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Vanderbilt Poll Snapshot
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EIGHTH VANDERBILT UNIVERSITY POLL
In January 2011, the Center for the Study of Democratic Institutions launched the Vanderbilt Poll, which surveys individuals 18 and older who are residents of the state of Tennessee. The goal was – and is – to provide a non-partisan and scientifically based reading of public opinion within the state. The Vanderbilt Poll is bi-annual, with surveys conducted prior to the start of the state legislative session and at its conclusion. There will be occasional surveys around important elections, such as the February 2012 Republican Presidential Primary Poll, but the focus is to measure accurately what Tennesseans think about important state and national issues and then make that information available to citizens, policy-makers, and scholars. The Vanderbilt Poll has surveyed over 9,000 Tennesseans since 2011.
For the current poll, fielded between November 20th and December 4th, 1,002 Tennesseans were called on both landlines (573) and cellphones (429). Among the 860 self-identified registered voters (with a margin of error of +/- 4.1%), we find:
1) Support for President Obama has plummeted from 40% in May 2013 to 28%. Most of the decline is because of decreased support among Democrats and Independents.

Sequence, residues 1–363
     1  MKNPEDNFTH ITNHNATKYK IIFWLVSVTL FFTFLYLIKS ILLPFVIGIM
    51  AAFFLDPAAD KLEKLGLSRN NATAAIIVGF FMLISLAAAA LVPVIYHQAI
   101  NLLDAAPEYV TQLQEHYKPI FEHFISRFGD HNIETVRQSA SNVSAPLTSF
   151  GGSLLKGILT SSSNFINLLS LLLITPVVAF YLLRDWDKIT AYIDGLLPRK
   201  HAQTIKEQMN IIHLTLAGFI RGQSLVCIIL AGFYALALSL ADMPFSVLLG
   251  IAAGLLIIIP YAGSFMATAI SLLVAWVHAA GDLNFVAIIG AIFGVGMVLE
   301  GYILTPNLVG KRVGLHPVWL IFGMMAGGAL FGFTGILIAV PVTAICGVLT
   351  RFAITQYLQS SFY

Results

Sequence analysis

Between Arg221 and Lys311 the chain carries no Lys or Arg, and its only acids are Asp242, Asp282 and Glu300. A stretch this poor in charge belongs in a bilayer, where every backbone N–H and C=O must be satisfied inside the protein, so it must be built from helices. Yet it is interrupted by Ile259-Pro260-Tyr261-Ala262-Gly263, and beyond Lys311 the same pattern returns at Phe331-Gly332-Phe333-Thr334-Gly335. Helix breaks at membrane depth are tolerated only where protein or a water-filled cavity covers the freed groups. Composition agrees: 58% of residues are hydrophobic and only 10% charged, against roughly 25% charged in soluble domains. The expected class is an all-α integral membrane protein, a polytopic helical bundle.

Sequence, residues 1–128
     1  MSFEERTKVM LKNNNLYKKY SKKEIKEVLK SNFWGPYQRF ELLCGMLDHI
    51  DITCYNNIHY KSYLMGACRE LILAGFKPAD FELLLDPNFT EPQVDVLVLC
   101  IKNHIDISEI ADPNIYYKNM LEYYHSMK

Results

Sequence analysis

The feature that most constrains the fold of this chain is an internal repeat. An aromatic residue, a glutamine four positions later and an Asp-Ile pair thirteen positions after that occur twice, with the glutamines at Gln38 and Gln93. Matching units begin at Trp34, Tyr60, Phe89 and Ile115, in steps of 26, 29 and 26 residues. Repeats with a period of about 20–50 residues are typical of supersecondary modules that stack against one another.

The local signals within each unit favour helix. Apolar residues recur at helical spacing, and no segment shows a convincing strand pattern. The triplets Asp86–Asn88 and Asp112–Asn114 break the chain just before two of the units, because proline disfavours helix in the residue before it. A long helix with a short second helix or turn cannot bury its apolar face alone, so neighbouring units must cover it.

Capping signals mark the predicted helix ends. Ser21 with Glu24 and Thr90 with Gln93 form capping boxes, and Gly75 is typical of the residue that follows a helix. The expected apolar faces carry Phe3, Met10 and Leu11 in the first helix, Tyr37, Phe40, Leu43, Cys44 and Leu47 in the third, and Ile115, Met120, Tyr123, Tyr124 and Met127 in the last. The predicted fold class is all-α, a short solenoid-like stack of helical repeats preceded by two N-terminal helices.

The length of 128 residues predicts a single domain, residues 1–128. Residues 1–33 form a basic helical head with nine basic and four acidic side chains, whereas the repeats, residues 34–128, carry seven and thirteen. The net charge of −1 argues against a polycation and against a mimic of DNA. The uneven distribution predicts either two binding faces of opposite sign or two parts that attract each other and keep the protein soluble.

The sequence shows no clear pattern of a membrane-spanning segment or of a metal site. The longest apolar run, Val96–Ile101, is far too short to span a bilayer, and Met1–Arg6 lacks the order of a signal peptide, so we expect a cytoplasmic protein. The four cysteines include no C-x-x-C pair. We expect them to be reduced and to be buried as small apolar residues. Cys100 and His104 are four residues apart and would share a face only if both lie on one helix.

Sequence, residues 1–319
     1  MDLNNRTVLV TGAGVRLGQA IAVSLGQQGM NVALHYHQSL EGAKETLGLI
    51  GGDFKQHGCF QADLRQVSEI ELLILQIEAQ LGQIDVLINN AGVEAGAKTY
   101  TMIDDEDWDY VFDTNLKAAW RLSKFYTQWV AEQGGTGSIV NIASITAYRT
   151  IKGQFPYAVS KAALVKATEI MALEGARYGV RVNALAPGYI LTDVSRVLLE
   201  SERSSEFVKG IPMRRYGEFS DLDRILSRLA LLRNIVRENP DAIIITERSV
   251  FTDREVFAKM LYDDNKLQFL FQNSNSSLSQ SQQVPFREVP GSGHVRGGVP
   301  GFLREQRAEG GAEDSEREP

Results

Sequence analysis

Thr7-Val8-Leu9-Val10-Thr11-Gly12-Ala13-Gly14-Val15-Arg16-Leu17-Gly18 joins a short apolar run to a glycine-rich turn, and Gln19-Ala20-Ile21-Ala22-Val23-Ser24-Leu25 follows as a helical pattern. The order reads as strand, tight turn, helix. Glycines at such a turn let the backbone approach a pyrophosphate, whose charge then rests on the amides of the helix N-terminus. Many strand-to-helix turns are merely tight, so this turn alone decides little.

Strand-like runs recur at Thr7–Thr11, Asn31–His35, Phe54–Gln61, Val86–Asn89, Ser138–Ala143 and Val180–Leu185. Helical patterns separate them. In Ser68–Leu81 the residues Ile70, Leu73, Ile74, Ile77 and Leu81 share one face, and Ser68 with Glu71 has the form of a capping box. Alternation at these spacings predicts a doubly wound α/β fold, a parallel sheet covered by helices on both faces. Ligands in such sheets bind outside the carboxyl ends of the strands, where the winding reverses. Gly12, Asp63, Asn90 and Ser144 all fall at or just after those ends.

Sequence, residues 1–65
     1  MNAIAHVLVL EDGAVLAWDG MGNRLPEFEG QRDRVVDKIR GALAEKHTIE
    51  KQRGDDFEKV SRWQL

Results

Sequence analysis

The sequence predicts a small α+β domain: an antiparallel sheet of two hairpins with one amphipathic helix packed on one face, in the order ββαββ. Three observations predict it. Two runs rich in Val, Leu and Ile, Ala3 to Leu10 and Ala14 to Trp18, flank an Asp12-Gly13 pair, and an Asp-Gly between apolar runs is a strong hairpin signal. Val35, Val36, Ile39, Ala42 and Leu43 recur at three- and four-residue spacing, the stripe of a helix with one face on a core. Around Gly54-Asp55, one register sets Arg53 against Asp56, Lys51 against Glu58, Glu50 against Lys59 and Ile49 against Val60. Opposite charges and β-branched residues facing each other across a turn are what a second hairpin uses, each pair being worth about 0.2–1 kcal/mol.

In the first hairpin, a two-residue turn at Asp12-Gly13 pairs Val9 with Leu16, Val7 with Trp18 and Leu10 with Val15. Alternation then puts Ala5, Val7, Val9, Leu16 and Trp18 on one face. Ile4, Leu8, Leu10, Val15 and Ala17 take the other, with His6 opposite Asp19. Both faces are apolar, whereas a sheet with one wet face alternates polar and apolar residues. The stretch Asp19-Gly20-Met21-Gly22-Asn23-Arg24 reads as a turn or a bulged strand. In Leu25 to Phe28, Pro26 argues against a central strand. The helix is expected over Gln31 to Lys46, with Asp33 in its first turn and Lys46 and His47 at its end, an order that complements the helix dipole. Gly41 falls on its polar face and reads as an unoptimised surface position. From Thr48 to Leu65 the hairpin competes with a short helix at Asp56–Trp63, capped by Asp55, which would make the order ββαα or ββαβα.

2) Tennesseans continue to support the expansion of Medicaid under the provisions provided for by the Affordable Care Act. Fully 63% of registered voters think Tennessee should follow the lead of Kentucky and expand Medicaid rather than follow Georgia and decline to expand Medicaid.
3) 57% of registered voters in Tennessee think that the state is headed in the right direction, and 66% think that the state economy is "good." In contrast, only 52% thought the state economy was good in May of 2013.
4) Only 24% of registered voters recognize the Republican primary opponent of Senator Alexander, Joe Carr. In fact, the combined awareness and approval of Sen. Alexander by self-identified tea-partiers is 23% larger than the awareness and approval of Carr.
5) 74% of registered Republicans are aware of New Jersey Governor Chris Christie, but only 54% are aware of Texas Senator Ted Cruz. In terms of both awareness and approval, Christie leads Cruz 50% to 39%. Among self-identified tea-partiers, however, Cruz has an 18% advantage over Christie.